The last few years have been marked by hyper-growth in the frontline workforce. Exacerbated by global lockdowns, the food delivery market - just one segment of the burgeoning on-demand sector - is now worth more than $150 billion, having more than tripled in size in just 5 years.
Thanks to the enthusiastic backing of venture capital investors, European grocery delivery companies raised around $1.56 billion within the first 6 months of 2021, while on the other side of the Atlantic, the US market reached a value of $21.2 billion.
Growth doesn’t come without challenges, however. The steep costs associated with supply side logistics remain a key area of concern in the q-commerce “anything-on-demand” space particularly. Retailers who fail to upgrade their last-mile connectivity and meet increasing consumer demands face losing up to 26% of their profit.
In response, we saw major investments made in the ‘dark kitchen’ model, a solution which - if executed effectively right - allows retailers to cut overhead costs and increase efficiency. These strategically placed locations are dedicated solely to fulfilling delivery orders, enabling platforms to cut service fees and win a higher share of deliveries.
Beyond logistics, the on-demand sector continues to face stiff competition both for consumers and among the individuals essential to their operation: independent contractors. With so many new platforms appearing on the market from contractors to choose from, the battle to acquire and retain talent only grows more fierce. The eye watering average turnover rate of 500% per year in the on-demand industry poses an existential threat for platforms as they continue vying to meet customers’ ever increasing demands for speed and convenience.
Despite growing pains, the deskless industry continues unphased on its global upward trajectory. Here's what we expect to unfold in 2024.
Frontline workforce trends for 2024
1. New year, new categories
As the arena continues filling up with new fighters, expect the existing heavyweights to start diversifying. Many q-commerce companies have already begun expanding their use cases and offering higher margin products in categories such as alcohol, pharmaceuticals and groceries.
In the US, companies such as DoorDash and Uber Eats have begun providing deliveries for non-restaurant partners such as Walmart and Costco, making better use of their drivers’ time and hoping to give customers more stickiness on their platforms post-pandemic. We’ve even seen a crossover between convenience and luxury with the launch of Arive in Germany, a service promising to deliver high-end products such as iPhones, cosmetics or even a bike to customers’ doors within 30 minutes.
Expanding into new categories not only attracts new customers, but also increases average order value, allowing companies to stack deliveries and maximize the efficiency of each trip.
2. Distribution 4.0
Following on from last year’s emphasis on dark kitchens, another trend which provides companies with a solution for their logistics woes is the Distribution 4.0 model. Poor route optimization is one of the biggest costs associated with last-mile delivery, but by partnering with multiple players - i.e. aggregators, e-commerce delivery companies or distributors - platforms can circumvent this issue and gain better market coverage between urban and rural areas.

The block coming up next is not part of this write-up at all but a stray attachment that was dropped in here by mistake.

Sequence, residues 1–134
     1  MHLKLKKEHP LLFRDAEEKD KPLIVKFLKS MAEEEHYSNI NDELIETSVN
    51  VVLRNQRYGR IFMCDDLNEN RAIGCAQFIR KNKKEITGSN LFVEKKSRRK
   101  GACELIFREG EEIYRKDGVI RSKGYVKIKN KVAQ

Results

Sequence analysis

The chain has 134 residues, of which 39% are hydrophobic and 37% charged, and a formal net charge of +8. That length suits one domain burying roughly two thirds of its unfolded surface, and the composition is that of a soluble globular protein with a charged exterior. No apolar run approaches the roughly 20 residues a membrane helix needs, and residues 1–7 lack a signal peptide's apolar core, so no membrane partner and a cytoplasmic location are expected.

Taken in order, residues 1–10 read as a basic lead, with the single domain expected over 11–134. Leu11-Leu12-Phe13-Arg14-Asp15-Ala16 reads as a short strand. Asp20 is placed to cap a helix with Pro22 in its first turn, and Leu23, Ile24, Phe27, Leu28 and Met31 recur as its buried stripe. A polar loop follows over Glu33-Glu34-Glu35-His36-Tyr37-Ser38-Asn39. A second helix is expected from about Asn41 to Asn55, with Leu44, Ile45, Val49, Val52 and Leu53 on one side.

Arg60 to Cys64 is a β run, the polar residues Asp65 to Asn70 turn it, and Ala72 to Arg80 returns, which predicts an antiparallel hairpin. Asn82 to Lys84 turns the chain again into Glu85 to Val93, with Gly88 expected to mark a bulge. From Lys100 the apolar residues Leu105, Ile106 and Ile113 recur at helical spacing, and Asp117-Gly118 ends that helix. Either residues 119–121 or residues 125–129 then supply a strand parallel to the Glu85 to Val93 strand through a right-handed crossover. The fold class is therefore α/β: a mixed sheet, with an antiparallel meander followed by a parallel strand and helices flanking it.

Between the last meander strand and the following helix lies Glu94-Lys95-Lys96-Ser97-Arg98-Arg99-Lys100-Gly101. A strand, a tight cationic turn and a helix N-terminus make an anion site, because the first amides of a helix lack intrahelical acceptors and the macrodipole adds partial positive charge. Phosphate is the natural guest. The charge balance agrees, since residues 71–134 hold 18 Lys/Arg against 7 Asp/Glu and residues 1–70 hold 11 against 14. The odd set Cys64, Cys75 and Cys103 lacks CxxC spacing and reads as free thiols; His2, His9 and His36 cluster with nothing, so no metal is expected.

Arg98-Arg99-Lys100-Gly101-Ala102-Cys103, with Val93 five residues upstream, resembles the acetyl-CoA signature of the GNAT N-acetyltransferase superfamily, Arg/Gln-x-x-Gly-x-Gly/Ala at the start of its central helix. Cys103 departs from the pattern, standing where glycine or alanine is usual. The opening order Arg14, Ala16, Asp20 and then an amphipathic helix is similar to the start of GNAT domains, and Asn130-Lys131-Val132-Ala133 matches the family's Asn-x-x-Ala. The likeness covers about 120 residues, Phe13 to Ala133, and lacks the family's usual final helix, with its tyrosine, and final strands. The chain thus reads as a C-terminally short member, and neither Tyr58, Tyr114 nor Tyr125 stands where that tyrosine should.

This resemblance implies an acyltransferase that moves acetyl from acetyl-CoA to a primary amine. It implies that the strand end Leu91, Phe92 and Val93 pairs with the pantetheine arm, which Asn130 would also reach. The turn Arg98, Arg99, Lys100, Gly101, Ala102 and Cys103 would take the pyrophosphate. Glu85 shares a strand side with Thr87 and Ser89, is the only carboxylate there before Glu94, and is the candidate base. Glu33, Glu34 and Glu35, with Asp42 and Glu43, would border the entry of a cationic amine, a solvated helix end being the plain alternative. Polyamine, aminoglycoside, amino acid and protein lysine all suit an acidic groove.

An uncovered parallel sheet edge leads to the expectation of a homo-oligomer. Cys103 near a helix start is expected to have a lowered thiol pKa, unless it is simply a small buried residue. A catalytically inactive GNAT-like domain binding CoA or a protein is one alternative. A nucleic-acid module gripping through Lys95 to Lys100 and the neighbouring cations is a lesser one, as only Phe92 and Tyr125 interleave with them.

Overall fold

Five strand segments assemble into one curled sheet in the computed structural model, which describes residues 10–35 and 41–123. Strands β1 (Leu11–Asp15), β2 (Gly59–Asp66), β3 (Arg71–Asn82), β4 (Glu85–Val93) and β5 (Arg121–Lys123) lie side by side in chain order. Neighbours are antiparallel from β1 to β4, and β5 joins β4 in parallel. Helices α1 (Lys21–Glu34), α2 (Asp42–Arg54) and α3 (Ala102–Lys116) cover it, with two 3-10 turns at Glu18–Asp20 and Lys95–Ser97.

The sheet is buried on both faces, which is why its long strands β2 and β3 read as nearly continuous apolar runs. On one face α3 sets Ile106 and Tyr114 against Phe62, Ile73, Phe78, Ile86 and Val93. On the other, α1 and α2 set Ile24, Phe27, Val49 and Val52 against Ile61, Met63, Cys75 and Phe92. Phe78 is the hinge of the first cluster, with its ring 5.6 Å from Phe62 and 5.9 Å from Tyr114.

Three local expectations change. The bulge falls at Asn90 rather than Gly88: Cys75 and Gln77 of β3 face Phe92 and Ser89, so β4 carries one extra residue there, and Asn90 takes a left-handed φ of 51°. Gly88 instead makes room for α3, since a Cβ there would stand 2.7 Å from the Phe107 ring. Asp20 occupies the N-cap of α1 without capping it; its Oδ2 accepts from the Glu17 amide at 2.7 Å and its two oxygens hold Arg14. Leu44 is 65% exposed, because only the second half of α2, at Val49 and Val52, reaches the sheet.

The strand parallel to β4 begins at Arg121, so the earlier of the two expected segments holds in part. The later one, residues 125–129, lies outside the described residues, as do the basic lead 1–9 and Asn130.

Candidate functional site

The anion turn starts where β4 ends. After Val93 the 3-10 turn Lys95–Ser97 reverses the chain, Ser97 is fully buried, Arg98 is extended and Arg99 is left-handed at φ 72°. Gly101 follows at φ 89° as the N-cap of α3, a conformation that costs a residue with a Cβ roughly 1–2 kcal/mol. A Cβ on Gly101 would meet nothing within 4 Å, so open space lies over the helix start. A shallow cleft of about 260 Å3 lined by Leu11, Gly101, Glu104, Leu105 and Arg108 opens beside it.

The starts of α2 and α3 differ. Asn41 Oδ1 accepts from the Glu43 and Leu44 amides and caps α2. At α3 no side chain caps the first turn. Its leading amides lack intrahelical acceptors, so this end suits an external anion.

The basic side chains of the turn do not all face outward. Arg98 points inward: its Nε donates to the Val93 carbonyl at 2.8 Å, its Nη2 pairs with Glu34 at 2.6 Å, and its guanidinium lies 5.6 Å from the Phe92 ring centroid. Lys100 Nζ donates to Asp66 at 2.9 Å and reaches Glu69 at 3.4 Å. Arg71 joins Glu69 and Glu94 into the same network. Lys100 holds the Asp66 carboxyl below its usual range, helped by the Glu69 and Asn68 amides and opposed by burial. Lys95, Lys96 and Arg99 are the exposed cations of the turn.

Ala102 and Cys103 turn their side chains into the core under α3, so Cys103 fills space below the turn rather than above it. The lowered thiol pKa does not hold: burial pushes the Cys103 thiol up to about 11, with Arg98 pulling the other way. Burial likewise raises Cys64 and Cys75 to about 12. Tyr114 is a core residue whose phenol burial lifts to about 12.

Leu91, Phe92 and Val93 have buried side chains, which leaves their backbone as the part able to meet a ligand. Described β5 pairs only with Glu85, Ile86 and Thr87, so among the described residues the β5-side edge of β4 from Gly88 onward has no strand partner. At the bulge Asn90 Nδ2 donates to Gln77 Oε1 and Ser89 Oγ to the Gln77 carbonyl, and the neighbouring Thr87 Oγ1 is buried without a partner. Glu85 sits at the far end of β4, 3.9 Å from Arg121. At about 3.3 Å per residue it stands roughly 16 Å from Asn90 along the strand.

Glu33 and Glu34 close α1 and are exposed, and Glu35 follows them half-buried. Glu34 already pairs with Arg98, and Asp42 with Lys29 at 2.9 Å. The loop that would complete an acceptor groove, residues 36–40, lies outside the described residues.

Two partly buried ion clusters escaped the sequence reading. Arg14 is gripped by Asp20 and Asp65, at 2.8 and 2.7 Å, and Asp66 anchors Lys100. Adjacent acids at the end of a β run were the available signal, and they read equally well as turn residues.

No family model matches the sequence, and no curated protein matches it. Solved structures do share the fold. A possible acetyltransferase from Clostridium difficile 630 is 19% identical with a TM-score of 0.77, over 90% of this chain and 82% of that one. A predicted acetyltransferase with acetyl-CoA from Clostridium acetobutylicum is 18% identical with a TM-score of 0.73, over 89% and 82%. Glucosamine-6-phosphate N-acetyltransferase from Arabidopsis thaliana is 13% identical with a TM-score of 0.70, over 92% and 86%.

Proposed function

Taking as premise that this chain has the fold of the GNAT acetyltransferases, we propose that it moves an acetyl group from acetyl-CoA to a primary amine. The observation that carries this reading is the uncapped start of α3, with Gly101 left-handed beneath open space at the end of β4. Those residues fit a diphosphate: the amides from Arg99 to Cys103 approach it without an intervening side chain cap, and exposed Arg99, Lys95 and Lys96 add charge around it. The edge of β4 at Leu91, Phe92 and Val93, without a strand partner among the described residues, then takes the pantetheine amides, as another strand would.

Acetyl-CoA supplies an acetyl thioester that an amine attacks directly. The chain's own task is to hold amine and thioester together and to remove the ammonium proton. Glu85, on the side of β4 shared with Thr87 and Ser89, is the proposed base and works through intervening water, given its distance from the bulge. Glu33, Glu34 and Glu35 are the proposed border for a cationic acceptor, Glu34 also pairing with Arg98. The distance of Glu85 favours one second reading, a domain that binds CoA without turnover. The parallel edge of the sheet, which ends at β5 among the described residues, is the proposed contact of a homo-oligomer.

It’s a strategy that’s already been employed by aggregators such as Amazon - who announced plans to team with smaller scale businesses, retail outlets and rural supermarkets to boost their last-mile connectivity - and in 2024 it will become a key revenue model for others competing in the space. The opportunity to offer their customers even more variety and speed, without the increased cost, will be pivotal to their success.
3. More consolidation
On the topic of strategic partnerships, another phenomenon we can certainly expect to continue into 2024 is market consolidation. The increasing saturation of players in the market points to an inevitable wave of acquisitions among key players, especially as on-demand players are no longer just competing against budding startups, but long established businesses who are looking to re-stake their claim of the market share.
As fierce as the competition has become, only a small number of players will come out on top. This will be the year that the front runners really begin to establish their lead.
4. Digital transformation
Innovative technology is the basis on which the on-demand industry was built, so it’s no surprise that the sector is once again looking set to evolve.
Though projects such as driverless cars, autonomous robots and drone delivery generate plenty of excitement, the real innovation needs to focus on optimizing workforces and meeting customer demand. Big data offers ample opportunities for companies to better understand and improve their operations, and the rise of mobile learning technology provides employers with an opportunity to curb turnover and deliver crucial training straight into the hands of their deskless workers.
The key takeaway? Deskless, frontline businesses are here to stay, but they’ve got a long road ahead of them to reach profitability and stability. Even the biggest players must work hard to maintain their share of an increasingly crowded market, and finding the right revenue models and transformative tech to do so will be critical.
eduMe is the leading mobile training platform for the frontline workforce, enabling companies such as Uber, Gorillas and Gopuff to deliver learning content seamlessly to their workers’ personal devices, boosting retention and increasing productivity as they continue to scale operations.
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